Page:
Distracted. Inattentive. Forgetful. Unable to follow directions. Never seems to listen. Spacey.
Perhaps these words can describe a child that you know. Perhaps you were that child. We often think of children with this type of behavior as having ADD. But what if this child is not hyperactive or impulsive? What if they seem to struggle more in noisy environments? What if they struggle to follow a conversation or tend to zone out when someone is talking to them?
This child may have auditory processing disorder.
Auditory processing disorder occurs in children or adults who have normal hearing but their brains have difficulty processing what they have heard, especially in regards to language.
According to Rachel Cortese, a speech-language pathologist at the Child Mind Institute, auditory processing involves four basic skills and children with this disorder may struggle in some or all of these areas.
Auditory discrimination involves being able to notice and distinguish between distinct sounds. This is what allows us to distinguish between similar words such as pear and bear or nine and ninety. Children with auditory processing disorder often mishear words because they can’t distinguish between similar sounds. According to Rachel Cortese, these children may mix up similar sounds and drop syllables out of words. They may struggle to read or speak clearly and have difficulty with rhyming words. This may be because they are only able to pay attention to what the beginning of the word sounds like, instead of listening and comprehending the full word. So, they may say ‘maf’ instead of ‘math.’
Figure to Ground Discrimination
Typically, when a person is listening to someone in a noisy environment, they are able to tune out background noise and only focus on what they need to hear. Children with auditory processing disorder are unable to do that. They are unable to pick out what sounds or voices are important and what sounds can be ignored. So, they may have more difficulty in a classroom or other environment where they have to focus on the teacher and ignore all the other competing noises.
This is also something that many people who wear hearing aids struggle with. Because hearing aids amplify all sounds, it can be difficult to pick out the sounds that are necessary to hear and ignore the rest. This is why many people use personal listening devices in addition to their hearing aids because this technology streamlines the sounds you want to hear into your hearing aids and allows you to block out the rest.
Auditory memory is the ability to remember what we hear. Children with auditory processing disorder have trouble remembering verbal instructions and information. It is easier for them to remember information that is written down instead of being given verbally. These children are typically visual learners, not auditory learners.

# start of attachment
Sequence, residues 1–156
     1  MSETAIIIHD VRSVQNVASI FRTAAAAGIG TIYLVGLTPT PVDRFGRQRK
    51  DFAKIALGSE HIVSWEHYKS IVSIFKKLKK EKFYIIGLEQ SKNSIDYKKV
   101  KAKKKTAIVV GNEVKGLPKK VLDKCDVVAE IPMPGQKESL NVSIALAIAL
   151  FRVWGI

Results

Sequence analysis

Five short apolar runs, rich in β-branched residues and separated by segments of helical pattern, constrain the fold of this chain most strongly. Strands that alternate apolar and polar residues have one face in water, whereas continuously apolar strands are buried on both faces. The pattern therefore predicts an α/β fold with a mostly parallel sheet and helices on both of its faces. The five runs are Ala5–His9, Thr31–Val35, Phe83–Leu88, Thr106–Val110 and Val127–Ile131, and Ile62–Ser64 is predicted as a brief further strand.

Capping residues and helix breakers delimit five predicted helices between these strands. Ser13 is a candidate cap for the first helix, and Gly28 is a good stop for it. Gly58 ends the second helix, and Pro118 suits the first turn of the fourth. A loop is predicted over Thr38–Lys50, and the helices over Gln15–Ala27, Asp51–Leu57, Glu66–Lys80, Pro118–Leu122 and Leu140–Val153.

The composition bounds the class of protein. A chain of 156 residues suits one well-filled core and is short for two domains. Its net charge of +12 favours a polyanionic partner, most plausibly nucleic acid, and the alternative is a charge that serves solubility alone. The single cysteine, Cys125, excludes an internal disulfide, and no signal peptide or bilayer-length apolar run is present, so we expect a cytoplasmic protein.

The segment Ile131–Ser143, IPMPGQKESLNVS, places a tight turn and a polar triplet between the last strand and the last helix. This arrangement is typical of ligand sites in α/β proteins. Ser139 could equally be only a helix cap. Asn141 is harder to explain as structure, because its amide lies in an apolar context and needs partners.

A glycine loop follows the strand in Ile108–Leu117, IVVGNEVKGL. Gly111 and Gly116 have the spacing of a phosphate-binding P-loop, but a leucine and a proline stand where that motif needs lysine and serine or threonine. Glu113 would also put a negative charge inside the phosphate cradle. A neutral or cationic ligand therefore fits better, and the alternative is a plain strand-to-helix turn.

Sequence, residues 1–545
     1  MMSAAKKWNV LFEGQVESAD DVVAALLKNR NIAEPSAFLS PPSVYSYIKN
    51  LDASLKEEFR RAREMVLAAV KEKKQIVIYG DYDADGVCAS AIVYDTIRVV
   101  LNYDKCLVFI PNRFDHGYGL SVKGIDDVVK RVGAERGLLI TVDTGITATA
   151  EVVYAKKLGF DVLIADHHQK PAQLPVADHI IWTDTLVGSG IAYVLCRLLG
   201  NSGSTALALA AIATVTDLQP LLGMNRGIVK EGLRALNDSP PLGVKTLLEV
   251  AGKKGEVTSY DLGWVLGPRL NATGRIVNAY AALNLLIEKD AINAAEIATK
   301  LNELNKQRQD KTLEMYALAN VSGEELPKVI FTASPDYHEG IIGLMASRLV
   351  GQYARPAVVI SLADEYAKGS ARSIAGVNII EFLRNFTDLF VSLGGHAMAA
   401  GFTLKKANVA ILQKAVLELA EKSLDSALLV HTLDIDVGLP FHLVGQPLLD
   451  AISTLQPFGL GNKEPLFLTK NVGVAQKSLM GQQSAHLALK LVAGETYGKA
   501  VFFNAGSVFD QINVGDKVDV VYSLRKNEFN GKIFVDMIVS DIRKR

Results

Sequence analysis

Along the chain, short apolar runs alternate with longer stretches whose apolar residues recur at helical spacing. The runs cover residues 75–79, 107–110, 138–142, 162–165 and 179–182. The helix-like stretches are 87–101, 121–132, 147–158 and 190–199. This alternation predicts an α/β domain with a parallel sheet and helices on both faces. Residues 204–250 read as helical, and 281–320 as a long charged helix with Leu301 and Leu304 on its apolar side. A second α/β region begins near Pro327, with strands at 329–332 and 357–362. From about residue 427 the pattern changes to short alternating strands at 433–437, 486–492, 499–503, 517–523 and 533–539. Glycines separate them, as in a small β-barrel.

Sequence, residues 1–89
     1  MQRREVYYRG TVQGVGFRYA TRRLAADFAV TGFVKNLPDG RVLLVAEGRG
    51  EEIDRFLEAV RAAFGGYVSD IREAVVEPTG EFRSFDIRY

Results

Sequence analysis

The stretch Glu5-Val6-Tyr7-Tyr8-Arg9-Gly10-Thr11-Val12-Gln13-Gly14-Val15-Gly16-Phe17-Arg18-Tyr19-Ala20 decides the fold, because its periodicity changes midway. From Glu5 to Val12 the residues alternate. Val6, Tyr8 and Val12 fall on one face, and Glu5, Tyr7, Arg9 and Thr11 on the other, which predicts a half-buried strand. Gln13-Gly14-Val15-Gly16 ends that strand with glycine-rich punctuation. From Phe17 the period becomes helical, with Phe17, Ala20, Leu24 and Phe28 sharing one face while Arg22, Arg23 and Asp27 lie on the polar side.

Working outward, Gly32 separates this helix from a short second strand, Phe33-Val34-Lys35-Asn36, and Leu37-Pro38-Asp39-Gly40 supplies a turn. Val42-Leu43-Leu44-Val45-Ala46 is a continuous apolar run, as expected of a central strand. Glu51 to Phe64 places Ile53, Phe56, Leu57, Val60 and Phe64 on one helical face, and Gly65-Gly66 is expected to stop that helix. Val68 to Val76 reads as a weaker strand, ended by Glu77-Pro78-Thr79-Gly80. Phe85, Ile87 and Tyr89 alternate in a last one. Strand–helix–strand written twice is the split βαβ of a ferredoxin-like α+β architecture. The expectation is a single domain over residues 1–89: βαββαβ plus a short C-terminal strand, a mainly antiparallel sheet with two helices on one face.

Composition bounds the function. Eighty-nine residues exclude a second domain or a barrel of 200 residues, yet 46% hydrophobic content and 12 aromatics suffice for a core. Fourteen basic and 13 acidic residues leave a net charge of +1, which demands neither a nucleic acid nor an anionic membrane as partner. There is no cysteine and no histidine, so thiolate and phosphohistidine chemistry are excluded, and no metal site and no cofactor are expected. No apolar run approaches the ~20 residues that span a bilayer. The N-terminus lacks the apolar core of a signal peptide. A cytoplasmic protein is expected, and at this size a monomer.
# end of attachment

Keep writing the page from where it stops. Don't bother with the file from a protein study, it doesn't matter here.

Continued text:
When we listen to sounds, we are able to hear them in a precise order. Children with auditory processing disorder struggle in this area, often switching up numbers with the same digits (saying 28 instead of 82) or mixing up the sequence of sounds in a word (ephelant instead of elephant). They may also struggle to remember information given in lists or a series of directions.
Kids with auditory processing disorder can be divided into two groups. One group has trouble with language in general, including having difficulty understanding the meaning of words, understanding grammar and syntax, etc. These children are likely to struggle with auditory processing as adults as well.
Then there is a second group that struggles with some aspects of auditory processing but foundational language skills are still intact. For these children, they are likely to outgrow their difficulties with auditory processing. They also tend to more issues with attention and focus and may often be misdiagnosed with ADHD.
While the second group may have some similar characteristics to children with ADHD, there are some key differences. Children with ADHD tend to be easily distracted but are also hyperactive, impulsive and fidgety. They often interrupt and intrude. In contrast, those with auditory processing disorder have difficulty following or remembering oral instructions but are able to follow and remember instructions if they are written down. They have trouble listening and often struggle in school.
The Child Mind Institute has several suggestions to help with auditory processing disorder in the classroom. They suggest moving the child to the front of the classroom so they can focus more easily on the teacher’s voice. Teachers can use visual cues and emphasize key words. Teachers and parents can also use catchphrases to indicate that kids need to pay attention to what they are about to say. They can also use words that indicate a sequence in order to help children follow instructions more easily i.e. First, I want you to….Then, you will do…and lastly, you do….
Occupation therapists can also help with auditory processing. Some suggestions for occupational therapy type activities that you can do at home involve backyard activities such as playing hide and seek where the ones hiding make different noises and the the ‘seeker’ has to locate them by following where their voice is coming from, or play a listening scavenger hunt where you listen for different sounds as you walk around the neighborhood and have your child describe where they are coming from.
Although auditory processing disorder may be frustrating for both the child and the parent (or teacher), remember that patience is the key. Respond with empathy and work with your child to find what strategies work best for them. With the right tools, this can be overcome and your child will be on their way to academic and life success.